1.Help improve the standard. We very intentionally propose this as the version 0.1 beta of the Peace Data Standard. It should be dynamic, and there is much room for improvement from many intersecting domains. We therefore invite colleagues from academia, industry, and government around the world to respond to this paper with recommendations for further refinements for future release versions of the Peace Data Standard. These refinements should reflect, but not be limited to, psychological, sociological, technological, ethical, and methodological advancements in data collection and analysis from large-scale, real-time mediated technology. This includes taking advantage of increasing capability in the underlying sensor and computation technologies that make Peace Data collection and analysis possible. We propose working together toward establishing version 1.0 as a formal ISO standard for Peace Data. This is vital to enabling the kind of comparative analysis across platforms, organizations, communities, and locations, that will yield the fastest and cheapest discovery of what works best, where, when, and under what conditions, thus providing the greatest benefit for all.

2.Help source Peace Data. Colleagues in academia can teach students to help local businesses identify and submit their Peace Data. Colleagues in industry can spread the word internally and in their sector about the value of a company’s Peace Data, for things like regulator relations, customer engagement and loyalty, talent recruitment and retention, and more.

3.Help make Peace Data auditable, so it becomes an effective market signal for (at least some of) the true value peace creates. Organizations with Peace Data must be able to guarantee the validity of their data to preserve its value, and organizations and individuals relying on that data must be able to ensure it has not been tampered with or inflated. Therefore, third party audit standards and processes need to be developed jointly by all stakeholders, to ensure reliability and preserve meaning. Given the huge scale, granularity, and real-time nature of Peace Data, there is also a need for these audit processes to be automated as much as possible.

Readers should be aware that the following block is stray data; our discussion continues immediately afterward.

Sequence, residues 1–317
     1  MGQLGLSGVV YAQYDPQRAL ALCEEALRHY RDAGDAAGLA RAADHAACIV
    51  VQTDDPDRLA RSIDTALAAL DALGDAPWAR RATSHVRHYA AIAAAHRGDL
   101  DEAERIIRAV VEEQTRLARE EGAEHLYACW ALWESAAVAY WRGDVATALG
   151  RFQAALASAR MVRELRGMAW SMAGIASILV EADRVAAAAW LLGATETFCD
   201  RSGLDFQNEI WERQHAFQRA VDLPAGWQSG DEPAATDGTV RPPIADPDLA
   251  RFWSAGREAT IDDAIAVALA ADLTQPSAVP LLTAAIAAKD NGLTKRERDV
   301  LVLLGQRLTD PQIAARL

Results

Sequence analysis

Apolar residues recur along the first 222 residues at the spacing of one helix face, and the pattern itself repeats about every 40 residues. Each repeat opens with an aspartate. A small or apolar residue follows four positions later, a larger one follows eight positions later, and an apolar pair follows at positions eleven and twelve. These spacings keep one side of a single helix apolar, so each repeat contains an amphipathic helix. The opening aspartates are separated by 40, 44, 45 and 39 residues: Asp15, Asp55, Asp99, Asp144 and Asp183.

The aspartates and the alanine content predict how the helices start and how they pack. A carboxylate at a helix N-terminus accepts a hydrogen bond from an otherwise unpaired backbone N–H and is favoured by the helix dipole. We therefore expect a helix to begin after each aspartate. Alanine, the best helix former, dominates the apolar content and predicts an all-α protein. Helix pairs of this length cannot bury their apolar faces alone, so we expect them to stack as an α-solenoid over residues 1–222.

We further invite readers to consider whether this framework for Peace Data is applicable to the type of data collected in their research and by their organizations. While it is becoming more common in industry to hire data scientists (De Mauro et al., 2017), we suggest that data scientists can be particularly helpful in employing our proposed Peace Data Standard. Specifically, data scientists can be enlisted to help identify data that could be used to promote peaceful interactions through the use of mediated technology, sitting in the epicenter of Silicon Valley we understand firsthand the scarcity of good data scientists.

3.Help establish a Peace Data Prize. Having an established Peace Data Standard will enable companies who generate Peace Data to show their audited peace impact to regulators, employees, and customers. The public relations benefit alone, not to mention the improved customer loyalty and engagement, or the talent recruitment and retention benefits, may enable member companies who submit their Peace Data for audit to pool a small percentage of that aggregate new value, and fund a series of Peace Data Prizes, which the Peace Innovation Lab (PIL) at Stanford9 will award annually to customers, employees, and companies who have had the greatest per capita peace impact, who have made the greatest peace improvements, and so forth. This same arrangement can be repeated for municipalities, national governments, civil and religious organizations, and so forth. We propose to also set aside a portion of these funds for research, and for prizes for the best research using Peace Data each year. Interested organizations, corporate or government, should contact the PIL to register their participation.

Implications